WHY DOES GLOBAL THINKING FOUNDATION TAKE PART TO THE OECD MEETINGS?
Global Thinking Foundation regularly takes part to the meetings that OECD and its departments organize, including the OECD/INFE sessions as the only Italian Foundation with the “Affiliate Member” status.
Our participation to the OECD meetings, as well as to OECD/INFE sessions, represent a crucial moment for the Foundation in order to share points of view and updates regarding trends, analysis and guidelines, especially if they are related to our mission. In addition, the broad presence of CSOs promotes a fruitful sharing of best practices and a critical analysis of local issues and needs, thereby letting us enhance insights and improve the formulations of the projects that we carry out in the Italian area.
INFE/OCSE Global Financial Literacy Survey 2020
The results of the Global Financial Literacy Survey have been presented on the 25th of June by OECD, outlining a terrible performance of Italy in terms of financial literacy. In fact, with just 11.1 points in the Financial Literacy Score, Italy reaches the last place in the ranking, below OECD countries’ average (13 points), as well as the 26 states that have participated to the survey’s average (12.7).
The poor financial knowledge is the most negatively affecting feature to the absolute result: with 3.9 points out of 7, Italian adults’ score is the worst among the Central Europe’s countries, second only to Romania.
Finally, another negative domestic primacy concerns (unfortunately) the gender gap in the overall score: Italian women, with Colombians, had collected the worst results among all the participants.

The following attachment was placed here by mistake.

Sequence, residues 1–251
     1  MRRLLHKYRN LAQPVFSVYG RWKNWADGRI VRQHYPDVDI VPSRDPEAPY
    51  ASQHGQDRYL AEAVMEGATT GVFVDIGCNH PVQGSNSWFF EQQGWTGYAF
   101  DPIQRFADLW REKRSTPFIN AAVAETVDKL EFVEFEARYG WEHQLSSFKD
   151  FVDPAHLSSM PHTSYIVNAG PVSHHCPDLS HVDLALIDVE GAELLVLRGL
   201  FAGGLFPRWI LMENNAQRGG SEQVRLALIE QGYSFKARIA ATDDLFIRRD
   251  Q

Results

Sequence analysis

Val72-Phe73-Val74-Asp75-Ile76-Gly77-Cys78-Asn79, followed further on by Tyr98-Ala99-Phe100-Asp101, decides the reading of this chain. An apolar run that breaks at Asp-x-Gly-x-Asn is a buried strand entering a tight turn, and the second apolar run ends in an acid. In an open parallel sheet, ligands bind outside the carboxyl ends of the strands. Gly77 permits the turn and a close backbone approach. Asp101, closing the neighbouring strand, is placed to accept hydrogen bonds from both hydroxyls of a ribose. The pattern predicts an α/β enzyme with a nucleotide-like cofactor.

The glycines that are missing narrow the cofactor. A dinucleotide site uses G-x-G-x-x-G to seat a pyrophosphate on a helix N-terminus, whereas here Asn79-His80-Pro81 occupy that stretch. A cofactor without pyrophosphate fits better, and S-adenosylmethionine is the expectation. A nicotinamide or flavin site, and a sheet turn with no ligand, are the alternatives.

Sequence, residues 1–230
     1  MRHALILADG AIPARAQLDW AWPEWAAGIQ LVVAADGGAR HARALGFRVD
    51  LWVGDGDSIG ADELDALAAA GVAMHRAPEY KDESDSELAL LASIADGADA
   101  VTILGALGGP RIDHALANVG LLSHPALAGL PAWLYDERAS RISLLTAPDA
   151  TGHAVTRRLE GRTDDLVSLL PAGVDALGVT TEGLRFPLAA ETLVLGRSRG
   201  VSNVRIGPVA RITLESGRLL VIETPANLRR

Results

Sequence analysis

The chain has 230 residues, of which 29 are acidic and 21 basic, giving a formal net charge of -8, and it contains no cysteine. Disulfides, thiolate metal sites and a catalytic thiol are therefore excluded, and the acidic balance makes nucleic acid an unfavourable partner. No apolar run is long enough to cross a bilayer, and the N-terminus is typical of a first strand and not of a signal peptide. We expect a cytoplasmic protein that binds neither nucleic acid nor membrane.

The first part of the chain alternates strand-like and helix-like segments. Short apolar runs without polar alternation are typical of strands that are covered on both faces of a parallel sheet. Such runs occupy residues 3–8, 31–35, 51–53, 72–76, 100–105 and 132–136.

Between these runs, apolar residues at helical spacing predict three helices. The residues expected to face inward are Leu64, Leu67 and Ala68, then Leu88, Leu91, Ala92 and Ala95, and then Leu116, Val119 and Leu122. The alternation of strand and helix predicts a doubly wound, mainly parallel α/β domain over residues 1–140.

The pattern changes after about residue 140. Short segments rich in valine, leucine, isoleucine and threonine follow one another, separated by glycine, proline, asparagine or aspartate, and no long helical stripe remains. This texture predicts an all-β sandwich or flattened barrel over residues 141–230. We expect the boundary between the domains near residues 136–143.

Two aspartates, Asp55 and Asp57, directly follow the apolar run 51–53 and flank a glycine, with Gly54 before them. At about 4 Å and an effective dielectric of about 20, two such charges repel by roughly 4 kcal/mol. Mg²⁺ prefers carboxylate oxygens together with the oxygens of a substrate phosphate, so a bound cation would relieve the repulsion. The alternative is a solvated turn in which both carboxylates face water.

With the engagement to fill the gender gap and the digital divide, Global Thinking Foundation works everyday to enhance resilience, well-being and financial inclusion to prevent economic abuse and the Foundation will participate for the third year to the Financial Education’s Month, organized by the Italian Programming and Coordinating Financial Education’s Activities Committee.
IN WHICH FIELDS DO WE FOCUS OUR PARTECIPATION?
OECD/INFE Meetings -2019
As the only Third Sector non-profit Foundation with the “Affiliate Member” status, Global Thinking Foundation joins the International Network for Financial Education.
Created in 2008, OECD/INFE brings together 260 public institutions from over 120 countries, as well as actors from civil society and private sector representatives, to address financial education issues: from collecting comparable data to developing methodologies for programs impact’s evaluation; from the definition of tools for decision-makers to sharing good practices.
10th-11th October 2019, Rio de Janeiro, at the “Symposium on financial education and the annual meeting of the OECD/CVM Centre on financial education and literacy, in America and in the Caribbean”